Canada’s Conservatives hammer Trudeau on slowing economy ahead of vote
Canada’s Conservatives hammered Liberal Prime Minister Justin Trudeau on Tuesday after data showed that the country’s economy unexpectedly shrank in the second quarter and again in July, putting the economy at the center of debate three weeks ahead of a national election.
Canada is the only Group of Seven country to record a deceleration in the second quarter, according to an OECD report.
“Canada’s economy is getting worse, not better,” Conservative leader Erin O’Toole said from his Ottawa headquarters. “Under Justin Trudeau we are heading further down the road of recession, not the road to recovery.”
Canada’s economy shrank 1.1% in the second quarter on an annualized basis, missing analyst expectations of a gain of 2.5%, Statistics Canada data showed. A preliminary estimate for July showed a contraction of 0.4%, while June GDP rose 0.7%, in line with expectations.
With the July decline, economic activity remains about 2% below pre-pandemic levels, Statscan said.
“It’s a jaw-dropper,” said Doug Porter, chief economist at BMO Capital Markets, adding: “It will probably be an uncomfortable question for the government today but I don’t think the GDP number will have a huge impact on the elections.”
Trudeau’s Liberals are currently tied with the Conservatives at 33% ahead of the Sept 20 federal election, according a new Nanos Research poll. The left-leaning New Democrats have 19%.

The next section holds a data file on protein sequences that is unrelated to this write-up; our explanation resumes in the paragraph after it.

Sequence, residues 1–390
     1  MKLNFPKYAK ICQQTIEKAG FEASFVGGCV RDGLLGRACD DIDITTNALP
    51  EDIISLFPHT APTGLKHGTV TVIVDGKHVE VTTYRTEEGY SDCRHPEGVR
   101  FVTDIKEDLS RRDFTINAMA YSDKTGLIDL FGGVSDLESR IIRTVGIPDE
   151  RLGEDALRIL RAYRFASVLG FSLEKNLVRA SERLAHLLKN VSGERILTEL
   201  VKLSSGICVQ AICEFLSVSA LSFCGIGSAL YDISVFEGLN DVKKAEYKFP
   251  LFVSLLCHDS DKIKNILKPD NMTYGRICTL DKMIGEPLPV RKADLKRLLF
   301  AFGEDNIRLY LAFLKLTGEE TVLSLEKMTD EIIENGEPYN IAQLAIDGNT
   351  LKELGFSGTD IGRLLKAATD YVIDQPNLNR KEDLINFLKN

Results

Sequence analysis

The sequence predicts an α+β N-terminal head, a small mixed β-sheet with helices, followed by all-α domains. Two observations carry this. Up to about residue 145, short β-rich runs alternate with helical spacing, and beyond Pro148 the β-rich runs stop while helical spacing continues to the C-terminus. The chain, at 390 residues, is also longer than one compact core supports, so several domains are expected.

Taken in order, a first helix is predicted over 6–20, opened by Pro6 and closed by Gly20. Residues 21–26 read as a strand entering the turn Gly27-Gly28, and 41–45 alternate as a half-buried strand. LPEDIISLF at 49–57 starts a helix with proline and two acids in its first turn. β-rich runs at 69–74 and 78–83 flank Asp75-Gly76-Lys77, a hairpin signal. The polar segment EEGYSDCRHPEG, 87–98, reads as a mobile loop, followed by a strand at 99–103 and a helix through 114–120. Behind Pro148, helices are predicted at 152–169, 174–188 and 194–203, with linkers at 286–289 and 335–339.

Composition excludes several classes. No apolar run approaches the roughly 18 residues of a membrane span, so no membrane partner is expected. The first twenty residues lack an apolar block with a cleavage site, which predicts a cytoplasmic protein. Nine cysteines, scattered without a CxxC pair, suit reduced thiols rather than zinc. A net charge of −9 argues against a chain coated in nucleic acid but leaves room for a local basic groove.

Polls have shown that the economy is one of the top concerns of Canadians heading into the vote.
Statscan said the second-quarter drop was mostly driven by declines in home sales and exports. Housing investment boomed during the pandemic, helping drive the economic rebound from the crisis, but the market has cooled from its March peak.
Economists said the GDP miss could impact the timing of Bank of Canada policy tightening, though hot inflation and a strong August could also sway the picture.
The central bank last month said it expected Canada’s economy to gain 2.0% in the second quarter, with growth picking up “strongly” in the third quarter as more services reopened. It will put out new forecasts in October.
“It comes in weaker than their expectations,” said Jimmy Jean, chief economist at Desjardins Group. “At the same time, we also have to recognize that there will be a major rebound in the third quarter. So all hope is not lost.”
The Canadian dollar was trading 0.2% lower at 1.2620 to the greenback, or 79.24 U.S. cents.